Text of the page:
Auto vs. Manual: 4 situations when manual focus beats auto

18392167 s image Autofocus has been around for a few decades now, and it’s at least worth mentioning that it changed the process of taking photos for the photographer greatly. It makes everything easier, more accurate, faster and the list could go on. Autofocus has helped us produce tack sharp images at incredible speeds, yet it has numbed our senses to some extent. At least for those of us who used to shoot manual film cameras at one point. Manual focus on a DSLR isn’t the easiest thing, I’ll admit it. However, I believe there are some situations when using it can be better than letting the camera do everything by its own mind. Her they are.

1. Low light

Even the most advanced cameras and lenses have trouble shooting in very low light conditions. It gets frustrating to see the autofocus struggling to lock on to something and failing to do so almost every time. Time to switch to manual, pick the brightest spot in the frame and adjust until it’s clear in the viewfinder.

2. Glass and windows

Photographing through a glass surface can be very confusing for a camera that’s set to do everything on its own. Reflections, glare, dirt and other factors usually make it focus at the wrong distance. Shifting to manual will get you full control of shooting through glass, and windows. Photographing through plane windows is one of the best examples in this case.

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3. Macro shots

The narrow depth of field in macro photography leaves almost no room for error in focusing. Relaying on the camera to select the optimum portion of the frame can often lead to missed shots, as it only takes marginal distance errors to screw things up. It’s best to use a tripod when focusing manually for macro shots. Not only will it give you stability, it will also slow you down and make you see things better.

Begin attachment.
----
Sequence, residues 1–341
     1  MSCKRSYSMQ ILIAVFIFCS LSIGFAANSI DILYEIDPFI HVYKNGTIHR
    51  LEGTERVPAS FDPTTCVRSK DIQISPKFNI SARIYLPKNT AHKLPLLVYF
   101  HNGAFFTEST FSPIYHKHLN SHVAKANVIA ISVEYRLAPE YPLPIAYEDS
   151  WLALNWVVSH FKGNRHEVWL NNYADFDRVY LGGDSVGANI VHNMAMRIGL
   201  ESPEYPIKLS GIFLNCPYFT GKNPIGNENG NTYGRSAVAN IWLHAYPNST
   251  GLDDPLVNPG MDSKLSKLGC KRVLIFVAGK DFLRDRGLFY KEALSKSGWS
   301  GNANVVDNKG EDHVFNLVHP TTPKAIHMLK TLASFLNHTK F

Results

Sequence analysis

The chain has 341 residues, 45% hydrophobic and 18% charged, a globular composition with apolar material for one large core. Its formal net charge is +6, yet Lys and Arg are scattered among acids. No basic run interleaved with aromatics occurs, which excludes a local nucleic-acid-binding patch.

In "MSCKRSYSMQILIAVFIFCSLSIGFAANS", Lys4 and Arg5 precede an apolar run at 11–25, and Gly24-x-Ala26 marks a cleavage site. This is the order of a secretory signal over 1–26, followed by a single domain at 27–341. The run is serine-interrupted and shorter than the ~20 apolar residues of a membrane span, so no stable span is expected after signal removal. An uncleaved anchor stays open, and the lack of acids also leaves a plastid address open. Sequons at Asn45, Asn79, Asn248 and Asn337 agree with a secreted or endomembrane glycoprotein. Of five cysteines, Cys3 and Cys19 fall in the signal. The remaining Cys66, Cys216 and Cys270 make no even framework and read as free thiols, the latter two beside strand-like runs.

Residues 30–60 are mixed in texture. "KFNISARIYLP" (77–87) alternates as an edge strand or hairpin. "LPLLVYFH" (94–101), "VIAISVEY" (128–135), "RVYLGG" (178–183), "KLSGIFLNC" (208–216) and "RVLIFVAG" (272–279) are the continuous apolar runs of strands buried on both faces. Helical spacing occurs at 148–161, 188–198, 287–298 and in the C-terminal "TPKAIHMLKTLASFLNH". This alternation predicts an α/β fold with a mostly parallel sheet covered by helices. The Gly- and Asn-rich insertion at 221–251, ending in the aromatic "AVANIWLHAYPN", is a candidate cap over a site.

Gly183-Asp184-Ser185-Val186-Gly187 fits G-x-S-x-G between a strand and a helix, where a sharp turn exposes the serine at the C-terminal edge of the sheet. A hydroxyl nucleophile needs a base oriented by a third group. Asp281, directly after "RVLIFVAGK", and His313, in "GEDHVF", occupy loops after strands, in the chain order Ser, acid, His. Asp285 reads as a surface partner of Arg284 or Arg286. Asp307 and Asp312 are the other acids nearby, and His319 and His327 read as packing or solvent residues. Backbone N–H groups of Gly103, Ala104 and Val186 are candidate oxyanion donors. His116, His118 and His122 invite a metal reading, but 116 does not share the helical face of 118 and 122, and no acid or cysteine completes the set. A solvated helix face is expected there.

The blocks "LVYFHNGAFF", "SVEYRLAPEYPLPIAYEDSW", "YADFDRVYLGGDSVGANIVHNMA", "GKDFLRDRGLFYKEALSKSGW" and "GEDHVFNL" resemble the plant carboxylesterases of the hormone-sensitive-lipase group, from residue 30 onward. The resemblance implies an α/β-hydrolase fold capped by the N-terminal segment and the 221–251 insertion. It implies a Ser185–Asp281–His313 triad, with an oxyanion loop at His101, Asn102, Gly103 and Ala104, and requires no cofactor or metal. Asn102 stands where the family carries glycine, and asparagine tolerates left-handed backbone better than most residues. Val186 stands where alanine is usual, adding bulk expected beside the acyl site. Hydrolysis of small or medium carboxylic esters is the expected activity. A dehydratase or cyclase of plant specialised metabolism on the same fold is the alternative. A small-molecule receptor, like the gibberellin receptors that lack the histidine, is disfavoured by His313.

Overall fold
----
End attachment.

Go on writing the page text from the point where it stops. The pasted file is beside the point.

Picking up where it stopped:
5. Portraits

Autofocus generally does a great job at portraits, but there are exceptions. When photographing someone’s face, the eyes are the most important part that needs to be in focus, and the camera can sometimes get it wrong and focus on the nose or near the ear. Manually focusing will enable full control.

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The thing to remember about using manual focus on a DSLR is that it’s different from what it was like on manual, analog cameras. Those were equipped with a matte glass element specifically for accuracy. It might be frustrating at first, and you will often miss focus, but as with everything else, practice makes perfect. Besides better dealing with the situations above, it also helps to remember that there are some amazing vintage manual focuses lenses on the market. They are incredible for video and generally do a fantastic job at photography as well. It would be a shame to limit yourself only the plastic kit lens your camera came with. Most of these manual focus lenses are pretty cheap compared to a high quality “digital” lens, but the optical performance isn’t really that



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